Using the recent holding against Mississippi as a focal point, this Comment advocates for states to “stop violating people's rights” by increasing access to community-based mental health alternatives. While Mississippi is used as a case study, the application for findings and recommendations has a much broader scope, extending to states across the nation. Part II of this Comment discusses the history of the deinstitutionalization movement in the United States, a trend which led to the enactment of the ADA, its interpretation in Olmstead, and states' responses to the federal mandates. Part III highlights Mississippi's violation of the ADA and Olmstead and the resulting socioeconomic and racial/ethnic implications. Finally, using Mississippi as a case study, Part IV offers a path forward by exploring proposals for complying with the ADA and Olmstead and the larger implications of expanding community-based services--improving socioeconomic and racial/ethnic mental health parity.
[. . .]
Happy twentieth birthday, Olmstead; you've been violated, again. In 2019, on the twentieth anniversary of the publication of Olmstead v. L.C. ex rel Zimring, Mississippi was found to be in violation of the Americans with Disabilities Act and Olmstead due to unnecessarily institutionalizing individuals with psychiatric vulnerabilities. The federal mandate is simple: “Stop violating people's rights.” However, Mississippi's lack of community-based services not only violates the rights of people with psychiatric vulnerabilities, but it also fosters racial/ethnic and socioeconomic mental health disparities. There are five recommendations to achieve Olmstead compliance and address racial/ethnic and socioeconomic mental health disparities: (1) create an Olmstead plan with measurable goals; (2) increase and reallocate funding for community-based services; (3) improve patient-discharge plans and collaboration among state actors; (4) increase telehealth accessibility; and (5) expand Medicaid mental health coverage and eligibility.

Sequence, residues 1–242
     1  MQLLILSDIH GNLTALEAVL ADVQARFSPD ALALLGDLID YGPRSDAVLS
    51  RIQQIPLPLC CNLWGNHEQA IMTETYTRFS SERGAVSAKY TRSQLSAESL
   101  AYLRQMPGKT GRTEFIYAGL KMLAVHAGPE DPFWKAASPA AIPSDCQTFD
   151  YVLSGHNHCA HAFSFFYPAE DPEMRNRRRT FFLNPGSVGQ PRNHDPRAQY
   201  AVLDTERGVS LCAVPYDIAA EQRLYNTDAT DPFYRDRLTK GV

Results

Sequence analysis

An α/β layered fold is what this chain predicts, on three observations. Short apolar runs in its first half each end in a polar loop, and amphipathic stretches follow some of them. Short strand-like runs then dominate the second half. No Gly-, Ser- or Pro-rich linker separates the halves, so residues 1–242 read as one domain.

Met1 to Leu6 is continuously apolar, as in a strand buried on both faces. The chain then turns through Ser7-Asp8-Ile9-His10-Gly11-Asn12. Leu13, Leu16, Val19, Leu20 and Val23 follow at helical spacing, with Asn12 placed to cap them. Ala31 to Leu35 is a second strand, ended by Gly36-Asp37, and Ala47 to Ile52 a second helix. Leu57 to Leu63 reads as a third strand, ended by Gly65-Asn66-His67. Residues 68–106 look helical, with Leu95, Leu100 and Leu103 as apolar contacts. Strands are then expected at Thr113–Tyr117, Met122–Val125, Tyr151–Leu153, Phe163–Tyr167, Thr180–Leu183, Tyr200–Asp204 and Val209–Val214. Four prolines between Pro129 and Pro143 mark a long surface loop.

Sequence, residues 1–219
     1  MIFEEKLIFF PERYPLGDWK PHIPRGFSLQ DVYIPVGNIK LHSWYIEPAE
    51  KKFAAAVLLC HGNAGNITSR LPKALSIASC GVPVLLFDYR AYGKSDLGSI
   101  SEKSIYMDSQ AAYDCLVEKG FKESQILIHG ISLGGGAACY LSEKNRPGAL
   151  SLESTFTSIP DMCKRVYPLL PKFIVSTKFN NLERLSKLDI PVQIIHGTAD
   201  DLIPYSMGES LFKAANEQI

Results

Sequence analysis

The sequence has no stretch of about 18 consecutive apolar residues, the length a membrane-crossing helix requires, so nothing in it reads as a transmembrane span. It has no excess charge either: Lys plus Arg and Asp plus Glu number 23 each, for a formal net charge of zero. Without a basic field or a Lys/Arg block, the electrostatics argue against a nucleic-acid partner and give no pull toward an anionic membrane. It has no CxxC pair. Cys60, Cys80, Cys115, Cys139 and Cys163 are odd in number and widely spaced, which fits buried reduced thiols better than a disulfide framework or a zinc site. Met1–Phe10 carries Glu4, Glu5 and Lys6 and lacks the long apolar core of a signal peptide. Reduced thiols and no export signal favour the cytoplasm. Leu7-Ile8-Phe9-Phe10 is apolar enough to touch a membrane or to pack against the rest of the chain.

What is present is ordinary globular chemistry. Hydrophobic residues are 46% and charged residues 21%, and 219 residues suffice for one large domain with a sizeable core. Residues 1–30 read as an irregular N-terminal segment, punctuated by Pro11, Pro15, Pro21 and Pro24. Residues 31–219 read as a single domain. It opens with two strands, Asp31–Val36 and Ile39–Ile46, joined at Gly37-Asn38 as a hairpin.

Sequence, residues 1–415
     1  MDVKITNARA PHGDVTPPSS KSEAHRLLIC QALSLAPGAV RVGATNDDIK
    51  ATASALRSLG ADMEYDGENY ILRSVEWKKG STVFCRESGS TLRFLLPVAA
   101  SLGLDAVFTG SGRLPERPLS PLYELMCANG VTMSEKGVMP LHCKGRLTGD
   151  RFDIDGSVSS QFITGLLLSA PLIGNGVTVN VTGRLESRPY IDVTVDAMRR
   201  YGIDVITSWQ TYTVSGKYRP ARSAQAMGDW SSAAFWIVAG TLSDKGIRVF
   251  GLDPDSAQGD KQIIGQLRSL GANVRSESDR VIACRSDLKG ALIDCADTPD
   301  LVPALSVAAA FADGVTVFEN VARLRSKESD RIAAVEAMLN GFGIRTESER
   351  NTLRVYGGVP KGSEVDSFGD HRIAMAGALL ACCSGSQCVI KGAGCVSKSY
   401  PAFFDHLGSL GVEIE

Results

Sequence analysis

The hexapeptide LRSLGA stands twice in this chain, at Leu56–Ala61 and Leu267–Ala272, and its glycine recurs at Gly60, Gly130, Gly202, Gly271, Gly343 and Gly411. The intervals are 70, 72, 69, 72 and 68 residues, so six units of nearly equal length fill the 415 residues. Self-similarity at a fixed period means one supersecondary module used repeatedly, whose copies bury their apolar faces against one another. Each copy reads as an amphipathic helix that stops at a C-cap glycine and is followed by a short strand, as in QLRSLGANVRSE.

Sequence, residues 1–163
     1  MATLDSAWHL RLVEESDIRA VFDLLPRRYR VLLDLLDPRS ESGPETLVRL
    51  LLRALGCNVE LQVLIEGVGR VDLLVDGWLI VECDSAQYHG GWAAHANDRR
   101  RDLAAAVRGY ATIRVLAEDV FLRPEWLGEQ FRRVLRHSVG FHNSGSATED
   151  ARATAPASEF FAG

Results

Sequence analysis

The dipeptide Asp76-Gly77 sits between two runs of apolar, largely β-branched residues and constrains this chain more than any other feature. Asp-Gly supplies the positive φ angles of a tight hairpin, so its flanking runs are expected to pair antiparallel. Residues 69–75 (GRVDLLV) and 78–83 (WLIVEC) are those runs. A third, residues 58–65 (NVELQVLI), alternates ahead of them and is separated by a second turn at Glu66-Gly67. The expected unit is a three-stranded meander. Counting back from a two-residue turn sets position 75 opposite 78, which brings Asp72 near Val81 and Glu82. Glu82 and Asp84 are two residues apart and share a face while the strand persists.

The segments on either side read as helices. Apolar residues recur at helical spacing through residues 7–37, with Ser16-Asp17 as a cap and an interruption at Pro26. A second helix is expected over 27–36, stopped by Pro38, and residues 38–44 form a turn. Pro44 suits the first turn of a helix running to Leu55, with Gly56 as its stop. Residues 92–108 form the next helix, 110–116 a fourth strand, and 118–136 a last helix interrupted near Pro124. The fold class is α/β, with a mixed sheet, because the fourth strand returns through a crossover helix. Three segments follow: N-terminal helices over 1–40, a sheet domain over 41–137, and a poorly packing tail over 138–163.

Complying with the ADA and Olmstead will provide individuals with psychiatric vulnerabilities with the least-restrictive treatment possible, ensuring such individuals are not unnecessarily institutionalized against their will. Furthermore, expanding access to affordable community-based services will increase racial/ethnic and socioeconomic healthcare parity. This Comment implores states to heed the following call to action: put an end to discrimination and disparity.
McKenna Stone Cloud is a 2022 graduate of Mississippi College School of Law.